By Anna Yukhananov
WASHINGTON, Oct 12 (Reuters) - International Monetary Fundofficials relaxed some fiscal and other targets for Jordan underits $2 billion loan program as the country struggles to dealwith an influx of Syrian refugees and energy supply disruptions.
The IMF officials on Saturday agreed to give Jordan about$258 million, its third tranche of aid under a three-year loanprogram started last year to help the Middle Eastern countryspeed up economic reforms and boost growth.
The IMF's executive board must still sign off on thedisbursal, which should happen in November.
Jordan will get each subsequent chunk of cash if the IMFdecides it has sufficiently complied with the conditions of theprogram, which include getting the government's finances inorder and cutting subsidies for electricity and fuel. An IMFseal of approval can also help mobilize support from otherdonors.
The IMF had previously set a target for the governmentdeficit and losses at the state-owned electricity firm NEPCO at7.2 percent of GDP for next year, but agreed to relax it byabout 1 percentage point in light of Jordan's tough externalenvironment, Kristina Kostial, IMF mission chief for Jordan,told reporters in a briefing.
The Fund also loosened targets for how quickly Jordan wouldhave to raise electricity tariffs, she said, praising thegovernment's commitment to reforms.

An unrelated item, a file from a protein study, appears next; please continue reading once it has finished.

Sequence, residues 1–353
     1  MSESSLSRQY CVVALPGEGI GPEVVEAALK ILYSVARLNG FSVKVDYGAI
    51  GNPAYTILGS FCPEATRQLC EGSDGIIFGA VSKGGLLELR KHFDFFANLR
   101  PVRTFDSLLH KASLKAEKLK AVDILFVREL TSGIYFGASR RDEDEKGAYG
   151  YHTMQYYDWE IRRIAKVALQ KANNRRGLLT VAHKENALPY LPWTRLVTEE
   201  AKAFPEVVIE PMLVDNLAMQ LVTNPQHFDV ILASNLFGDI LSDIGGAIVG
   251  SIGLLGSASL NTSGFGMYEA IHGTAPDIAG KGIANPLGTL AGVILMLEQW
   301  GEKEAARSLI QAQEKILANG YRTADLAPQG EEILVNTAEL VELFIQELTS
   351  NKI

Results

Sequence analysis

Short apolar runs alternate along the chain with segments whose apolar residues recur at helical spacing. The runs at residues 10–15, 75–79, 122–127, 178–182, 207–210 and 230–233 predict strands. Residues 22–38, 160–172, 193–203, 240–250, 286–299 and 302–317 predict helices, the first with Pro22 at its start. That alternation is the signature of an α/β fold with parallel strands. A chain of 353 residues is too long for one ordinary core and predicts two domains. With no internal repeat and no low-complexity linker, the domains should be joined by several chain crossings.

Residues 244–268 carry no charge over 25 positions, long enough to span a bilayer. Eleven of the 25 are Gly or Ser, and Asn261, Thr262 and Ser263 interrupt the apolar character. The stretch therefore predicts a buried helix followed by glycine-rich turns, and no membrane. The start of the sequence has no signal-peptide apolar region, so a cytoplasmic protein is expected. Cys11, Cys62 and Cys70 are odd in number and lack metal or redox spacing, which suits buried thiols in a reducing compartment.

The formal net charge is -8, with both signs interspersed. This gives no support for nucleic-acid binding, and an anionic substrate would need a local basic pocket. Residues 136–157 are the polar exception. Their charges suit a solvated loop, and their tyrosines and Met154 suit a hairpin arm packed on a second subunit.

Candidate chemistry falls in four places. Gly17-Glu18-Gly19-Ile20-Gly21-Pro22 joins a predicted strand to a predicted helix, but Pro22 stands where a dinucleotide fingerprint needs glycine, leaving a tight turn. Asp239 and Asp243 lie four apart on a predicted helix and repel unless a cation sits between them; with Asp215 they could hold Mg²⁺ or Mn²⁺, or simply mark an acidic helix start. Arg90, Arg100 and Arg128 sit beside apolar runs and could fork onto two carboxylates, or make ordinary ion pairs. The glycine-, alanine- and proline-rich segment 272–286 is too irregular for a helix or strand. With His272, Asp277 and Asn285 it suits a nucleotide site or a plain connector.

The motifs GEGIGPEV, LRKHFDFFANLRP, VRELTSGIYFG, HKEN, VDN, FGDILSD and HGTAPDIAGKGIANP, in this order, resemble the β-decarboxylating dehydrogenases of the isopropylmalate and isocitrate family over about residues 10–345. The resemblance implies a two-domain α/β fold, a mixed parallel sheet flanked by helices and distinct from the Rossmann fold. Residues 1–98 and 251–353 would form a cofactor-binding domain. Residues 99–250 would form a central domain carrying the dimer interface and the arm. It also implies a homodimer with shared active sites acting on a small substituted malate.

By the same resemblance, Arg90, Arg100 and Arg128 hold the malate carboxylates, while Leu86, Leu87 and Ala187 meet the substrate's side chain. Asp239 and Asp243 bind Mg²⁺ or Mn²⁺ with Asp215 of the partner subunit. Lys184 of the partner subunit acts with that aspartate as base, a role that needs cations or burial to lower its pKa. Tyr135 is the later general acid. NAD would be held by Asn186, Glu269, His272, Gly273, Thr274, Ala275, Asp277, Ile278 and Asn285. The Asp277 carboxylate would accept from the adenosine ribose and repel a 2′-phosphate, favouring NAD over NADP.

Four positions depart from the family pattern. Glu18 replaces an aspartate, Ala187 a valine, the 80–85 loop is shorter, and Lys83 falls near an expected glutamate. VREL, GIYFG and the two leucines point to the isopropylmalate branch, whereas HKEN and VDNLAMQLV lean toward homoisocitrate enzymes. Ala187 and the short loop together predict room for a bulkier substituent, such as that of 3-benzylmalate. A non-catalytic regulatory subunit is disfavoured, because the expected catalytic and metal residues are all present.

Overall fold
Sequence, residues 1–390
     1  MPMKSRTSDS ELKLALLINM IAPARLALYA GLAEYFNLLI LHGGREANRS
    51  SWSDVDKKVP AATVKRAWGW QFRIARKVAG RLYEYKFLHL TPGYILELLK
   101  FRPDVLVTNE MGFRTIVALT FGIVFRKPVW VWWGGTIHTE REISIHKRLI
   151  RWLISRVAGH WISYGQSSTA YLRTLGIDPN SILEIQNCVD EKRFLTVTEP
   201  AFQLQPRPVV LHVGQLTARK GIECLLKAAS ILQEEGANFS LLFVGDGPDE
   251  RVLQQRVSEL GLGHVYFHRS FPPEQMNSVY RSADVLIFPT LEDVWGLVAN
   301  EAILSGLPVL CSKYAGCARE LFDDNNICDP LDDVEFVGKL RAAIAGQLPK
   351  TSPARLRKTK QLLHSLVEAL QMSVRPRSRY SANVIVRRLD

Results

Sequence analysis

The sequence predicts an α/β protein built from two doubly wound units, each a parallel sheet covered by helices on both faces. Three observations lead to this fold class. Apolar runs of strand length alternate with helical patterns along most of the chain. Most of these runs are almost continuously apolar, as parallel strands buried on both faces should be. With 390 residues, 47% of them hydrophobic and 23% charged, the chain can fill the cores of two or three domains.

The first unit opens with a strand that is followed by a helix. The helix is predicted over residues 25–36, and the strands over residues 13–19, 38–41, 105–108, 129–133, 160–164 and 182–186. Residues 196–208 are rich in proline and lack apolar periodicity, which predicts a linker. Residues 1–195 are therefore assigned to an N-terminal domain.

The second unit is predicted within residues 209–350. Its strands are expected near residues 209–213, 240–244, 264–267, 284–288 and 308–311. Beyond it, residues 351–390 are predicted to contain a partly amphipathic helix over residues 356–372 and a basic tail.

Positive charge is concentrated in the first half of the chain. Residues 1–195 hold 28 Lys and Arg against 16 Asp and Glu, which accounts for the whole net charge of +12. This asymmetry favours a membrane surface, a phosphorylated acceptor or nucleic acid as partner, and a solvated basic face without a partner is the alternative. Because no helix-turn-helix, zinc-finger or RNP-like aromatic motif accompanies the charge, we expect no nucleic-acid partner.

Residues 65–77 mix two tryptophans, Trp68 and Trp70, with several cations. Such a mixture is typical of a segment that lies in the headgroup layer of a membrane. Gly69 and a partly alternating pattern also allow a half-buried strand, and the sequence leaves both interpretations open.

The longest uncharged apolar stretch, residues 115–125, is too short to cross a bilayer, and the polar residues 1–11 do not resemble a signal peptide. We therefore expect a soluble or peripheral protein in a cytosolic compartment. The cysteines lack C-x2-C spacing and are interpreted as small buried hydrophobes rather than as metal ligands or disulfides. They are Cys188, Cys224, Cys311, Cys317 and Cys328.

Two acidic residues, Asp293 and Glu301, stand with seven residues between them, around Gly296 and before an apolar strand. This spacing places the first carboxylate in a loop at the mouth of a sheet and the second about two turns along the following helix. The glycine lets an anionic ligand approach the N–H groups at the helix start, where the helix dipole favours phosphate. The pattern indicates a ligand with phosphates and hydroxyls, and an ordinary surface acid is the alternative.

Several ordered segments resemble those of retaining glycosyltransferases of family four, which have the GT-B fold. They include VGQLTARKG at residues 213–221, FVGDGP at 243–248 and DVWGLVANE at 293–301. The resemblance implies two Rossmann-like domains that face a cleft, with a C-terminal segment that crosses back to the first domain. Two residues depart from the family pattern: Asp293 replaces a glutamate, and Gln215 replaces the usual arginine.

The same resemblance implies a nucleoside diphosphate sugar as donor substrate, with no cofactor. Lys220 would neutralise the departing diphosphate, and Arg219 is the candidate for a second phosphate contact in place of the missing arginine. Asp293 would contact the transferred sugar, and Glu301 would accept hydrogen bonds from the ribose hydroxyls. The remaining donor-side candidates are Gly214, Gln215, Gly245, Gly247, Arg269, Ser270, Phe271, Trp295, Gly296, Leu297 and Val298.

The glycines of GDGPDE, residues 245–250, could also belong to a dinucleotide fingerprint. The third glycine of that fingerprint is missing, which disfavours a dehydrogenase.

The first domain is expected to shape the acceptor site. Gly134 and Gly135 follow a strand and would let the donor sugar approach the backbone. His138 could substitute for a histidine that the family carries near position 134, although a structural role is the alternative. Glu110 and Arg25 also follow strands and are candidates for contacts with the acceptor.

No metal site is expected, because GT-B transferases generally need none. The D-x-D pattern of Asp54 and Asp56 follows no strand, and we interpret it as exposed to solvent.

"Jordan has been really hit hard with exogenous shocks,"Kostial said. "When I compare April with where we stand now,it's, I think, even gotten tougher on Jordan," she said. The IMFlast reviewed Jordan's program in April.
"Of course you have to acknowledge the financial realities,clearly, but we want to be as flexible as possible inaccommodating these exogenous shocks," she said.
Jordan has been hard-hit by the cost of an estimated half amillion refugees fleeing the civil war in neighboring Syria andthe influx has further squeezed the economy following afinancial crisis last year.
Jordan, which imports 97 percent of its energy, has alsoseen purchase costs soar above $5 billion in the last two years- equivalent to about 15 percent of its gross domestic product -after supplies of cheap Egyptian gas were disrupted by repeatedblasts of a pipeline.
The disruptions have left Jordan dependent on costly dieseland fuel oil, and the country is preparing a hike in electricityprices, a politically fraught move after street protests eruptedlast year over fuel subsidy cuts demanded by the IMF.
However, there have also been signs of economic recoverywith foreign reserves boosted to about $10.7 billion with aninfusion of Gulf money, and with investors showing risingconfidence in Jordan's economy, officials have said.
Wealthy Gulf Arab states - Kuwait, Qatar, Saudi Arabia andthe United Arab Emirates - have extended a combined $5 billionof project financing to Jordan to help the country recover.
Jordan is also planning to sell a U.S.-backed Eurobond,though it has held off on issuing it due to the fiscal impassein the United States that has spooked global markets.
"Technically everything is ready, that's the only thingwhich is holding this off," Kostial said, in reference to thegovernment shutdown and the standoff in the U.S. Congress.
"Otherwise this could have happened already," she said.
The IMF projects Jordan's economy should grow between 3 and3.5 percent over the next year, supported by Gulf money for newinfrastructure projects and a solid tourism season.
Inflation, which eased to 5 percent year-on-year in August,should also continue to fall.
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